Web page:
DemoMobile 2003 Debuts Wireless Wares

 
 
By Anne Chen  |  Posted 2003-09-21 Email Print this article Print
 
 
 
 
 
 
 

Reporter's notebook: Interconnectivity and infrastructure were themes at this year's edition of the DemoMobile wireless show.

LA JOLLA, Calif.— instant wireless network to Tapwave Inc.s Zodiac mobile content device, which merges the capabilities of the Palm operating system with high-performance graphics chips suitable for gaming.
Some of the technology demonstrations, however, showed just how fragile—and frustrating—wireless connectivity can be. Early in the show, Firetide launched its HotPoint wireless mesh router, which can be used to create an instant wireless network. While the companys goal was to set up a network during the six-minute time slot allotted for a demonstration and then have it act as the official wireless network for DemoMobile, things didnt go as planned. The network eventually went up, although some attendees complained of slow connectivity speeds.
Demonstration issues aside—which are to be expected at a technology conference—Firetides HotPoint router should appeal to enterprises looking to deploy temporary or even permanent wireless networks. Using advanced routing technologies and IEEE 802.11-compliant radios, HotPoints also allow sites to expand the boundaries of a wireless network using standard AC power outlets. A number of vendors showcased solutions that aim to enhance worker productivity. On the hardware side, Brother International Corp., introduced a Bluetooth version of its Mprint micro-printer, a pocket-size wireless printer that supports Windows-based tablets and laptops as well as Pocket PC and Palm-based PDAs. The printer, which measures 4 by 6.4 by 0.7 inches and weighs in at less than 10 ounces, will be available in October. On the software side, Aventail Corp. announced End-Point Control, which lets IT managers provide secure access to corporate resources via any device running a Web browser, including airport kiosks and mobile PDAs.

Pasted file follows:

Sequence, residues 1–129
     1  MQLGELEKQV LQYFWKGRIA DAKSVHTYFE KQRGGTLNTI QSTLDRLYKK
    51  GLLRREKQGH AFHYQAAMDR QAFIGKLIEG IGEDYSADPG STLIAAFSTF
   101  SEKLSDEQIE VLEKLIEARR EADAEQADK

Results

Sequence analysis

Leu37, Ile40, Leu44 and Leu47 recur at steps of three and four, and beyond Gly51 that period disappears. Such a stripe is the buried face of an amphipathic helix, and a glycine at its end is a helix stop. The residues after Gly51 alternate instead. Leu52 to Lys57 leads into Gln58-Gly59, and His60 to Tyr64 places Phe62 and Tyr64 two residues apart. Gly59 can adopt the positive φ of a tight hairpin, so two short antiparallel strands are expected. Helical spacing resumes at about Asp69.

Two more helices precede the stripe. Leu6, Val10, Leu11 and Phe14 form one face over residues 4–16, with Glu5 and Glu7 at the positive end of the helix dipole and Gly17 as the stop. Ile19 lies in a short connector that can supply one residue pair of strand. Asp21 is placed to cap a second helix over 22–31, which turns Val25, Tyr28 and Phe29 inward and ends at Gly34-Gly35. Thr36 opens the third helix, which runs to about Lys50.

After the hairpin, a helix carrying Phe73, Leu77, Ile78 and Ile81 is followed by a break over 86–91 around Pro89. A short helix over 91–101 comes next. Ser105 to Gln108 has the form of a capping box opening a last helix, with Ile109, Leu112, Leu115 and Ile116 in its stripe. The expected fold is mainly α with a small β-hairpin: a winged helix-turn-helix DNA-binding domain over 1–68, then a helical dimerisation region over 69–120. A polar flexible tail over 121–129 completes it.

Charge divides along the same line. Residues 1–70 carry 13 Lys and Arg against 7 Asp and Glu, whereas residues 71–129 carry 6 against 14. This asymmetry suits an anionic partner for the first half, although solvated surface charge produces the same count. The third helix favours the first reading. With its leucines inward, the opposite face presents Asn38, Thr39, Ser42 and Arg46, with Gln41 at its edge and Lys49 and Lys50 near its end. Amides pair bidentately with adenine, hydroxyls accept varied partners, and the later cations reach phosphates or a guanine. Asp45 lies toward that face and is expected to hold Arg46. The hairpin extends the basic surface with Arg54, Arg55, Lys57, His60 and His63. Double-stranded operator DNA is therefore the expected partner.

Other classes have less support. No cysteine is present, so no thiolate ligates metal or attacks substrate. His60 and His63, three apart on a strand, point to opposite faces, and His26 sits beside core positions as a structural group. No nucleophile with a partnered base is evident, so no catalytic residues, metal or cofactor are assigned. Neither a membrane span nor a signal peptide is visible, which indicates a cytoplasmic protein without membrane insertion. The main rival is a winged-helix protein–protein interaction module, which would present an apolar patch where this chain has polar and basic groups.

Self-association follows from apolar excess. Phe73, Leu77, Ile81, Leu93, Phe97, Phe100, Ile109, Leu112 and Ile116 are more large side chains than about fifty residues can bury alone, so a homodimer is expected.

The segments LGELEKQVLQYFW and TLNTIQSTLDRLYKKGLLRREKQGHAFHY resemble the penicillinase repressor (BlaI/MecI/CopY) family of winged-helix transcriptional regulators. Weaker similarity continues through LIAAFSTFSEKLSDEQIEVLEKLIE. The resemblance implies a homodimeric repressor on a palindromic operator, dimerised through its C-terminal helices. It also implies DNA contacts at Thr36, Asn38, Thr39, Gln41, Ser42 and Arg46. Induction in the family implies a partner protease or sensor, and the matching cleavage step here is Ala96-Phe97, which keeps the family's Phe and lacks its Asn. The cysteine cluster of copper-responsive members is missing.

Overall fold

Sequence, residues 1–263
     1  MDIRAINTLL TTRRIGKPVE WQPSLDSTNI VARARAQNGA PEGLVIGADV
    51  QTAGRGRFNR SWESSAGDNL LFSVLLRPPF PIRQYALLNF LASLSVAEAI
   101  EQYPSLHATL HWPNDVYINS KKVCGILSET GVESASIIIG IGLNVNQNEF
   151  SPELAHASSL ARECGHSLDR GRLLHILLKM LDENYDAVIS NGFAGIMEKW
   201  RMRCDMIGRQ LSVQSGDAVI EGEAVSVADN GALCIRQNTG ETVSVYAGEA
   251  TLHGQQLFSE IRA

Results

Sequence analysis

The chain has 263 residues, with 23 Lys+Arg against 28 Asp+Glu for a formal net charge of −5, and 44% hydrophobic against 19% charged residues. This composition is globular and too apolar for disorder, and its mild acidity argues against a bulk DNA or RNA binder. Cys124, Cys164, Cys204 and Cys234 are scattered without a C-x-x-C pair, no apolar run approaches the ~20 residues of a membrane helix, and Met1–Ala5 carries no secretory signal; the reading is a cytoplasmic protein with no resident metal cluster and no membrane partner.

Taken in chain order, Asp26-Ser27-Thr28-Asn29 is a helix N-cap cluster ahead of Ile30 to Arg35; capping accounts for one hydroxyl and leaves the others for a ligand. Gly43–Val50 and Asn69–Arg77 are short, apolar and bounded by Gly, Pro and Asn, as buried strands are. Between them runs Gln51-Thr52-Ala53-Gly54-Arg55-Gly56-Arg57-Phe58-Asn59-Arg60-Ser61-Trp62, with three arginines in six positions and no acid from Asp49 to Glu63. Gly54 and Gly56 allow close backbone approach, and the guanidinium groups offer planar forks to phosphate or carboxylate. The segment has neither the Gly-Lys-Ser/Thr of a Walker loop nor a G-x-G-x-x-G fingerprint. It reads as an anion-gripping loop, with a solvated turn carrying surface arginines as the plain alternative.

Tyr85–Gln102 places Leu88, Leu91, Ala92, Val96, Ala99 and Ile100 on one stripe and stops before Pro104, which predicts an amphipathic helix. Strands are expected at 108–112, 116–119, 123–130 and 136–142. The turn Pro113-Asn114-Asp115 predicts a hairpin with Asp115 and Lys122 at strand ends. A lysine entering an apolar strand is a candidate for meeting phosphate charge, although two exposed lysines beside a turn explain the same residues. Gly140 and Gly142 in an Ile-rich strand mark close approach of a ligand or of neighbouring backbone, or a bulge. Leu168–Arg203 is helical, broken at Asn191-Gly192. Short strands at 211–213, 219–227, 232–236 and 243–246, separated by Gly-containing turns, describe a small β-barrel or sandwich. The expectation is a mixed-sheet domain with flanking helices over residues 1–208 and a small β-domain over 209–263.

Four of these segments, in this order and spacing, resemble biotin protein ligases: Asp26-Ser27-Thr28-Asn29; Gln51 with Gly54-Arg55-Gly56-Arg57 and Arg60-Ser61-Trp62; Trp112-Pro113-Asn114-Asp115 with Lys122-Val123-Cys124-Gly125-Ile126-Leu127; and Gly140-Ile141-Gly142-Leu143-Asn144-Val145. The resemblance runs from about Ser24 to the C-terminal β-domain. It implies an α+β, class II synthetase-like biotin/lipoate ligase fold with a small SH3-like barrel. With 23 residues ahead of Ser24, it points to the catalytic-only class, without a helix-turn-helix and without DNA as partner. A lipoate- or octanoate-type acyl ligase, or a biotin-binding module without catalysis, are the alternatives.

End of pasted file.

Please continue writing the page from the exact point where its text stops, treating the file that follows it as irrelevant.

As spam encroaches on the wireless space, spam-fighting companies are seizing the opportunity to release products for a new market. Startup DigiPortal Inc. demonstrated ChoiceMail Enterprise Edition, a solution designed to fight spam on mobile wireless devices as well as corporate desktops. The permission-based system allows users to set up identification verification or to personalize filters. Nokia Inc. released a new version of Message Protector, which will be available in October. Version 1.3 of the content-management appliance will offer enhanced spam protection, content inspection and virus protection for both wired and wireless users. While some executives may cringe at the concept, some companies demonstrated ways to have fun with mobile devices. Paris-based Realeyes3D S.A. demonstrated software that allows users to add handwritten electronic notations to photos taken with camera phones. And Pulse Entertainment Inc. introduced Mobile Veepers, virtual animations of photos taken with camera phones.
 
 
 
 
As a senior writer for eWEEK Labs, Anne writes articles pertaining to IT professionals and the best practices for technology implementation. Anne covers the deployment issues and the business drivers related to technologies including databases, wireless, security and network operating systems. Anne joined eWeek in 1999 as a writer for eWeek's eBiz Strategies section before moving over to Labs in 2001. Prior to eWeek, she covered business and technology at the San Jose Mercury News and at the Contra Costa Times.
 
 
 
 
 
 
 

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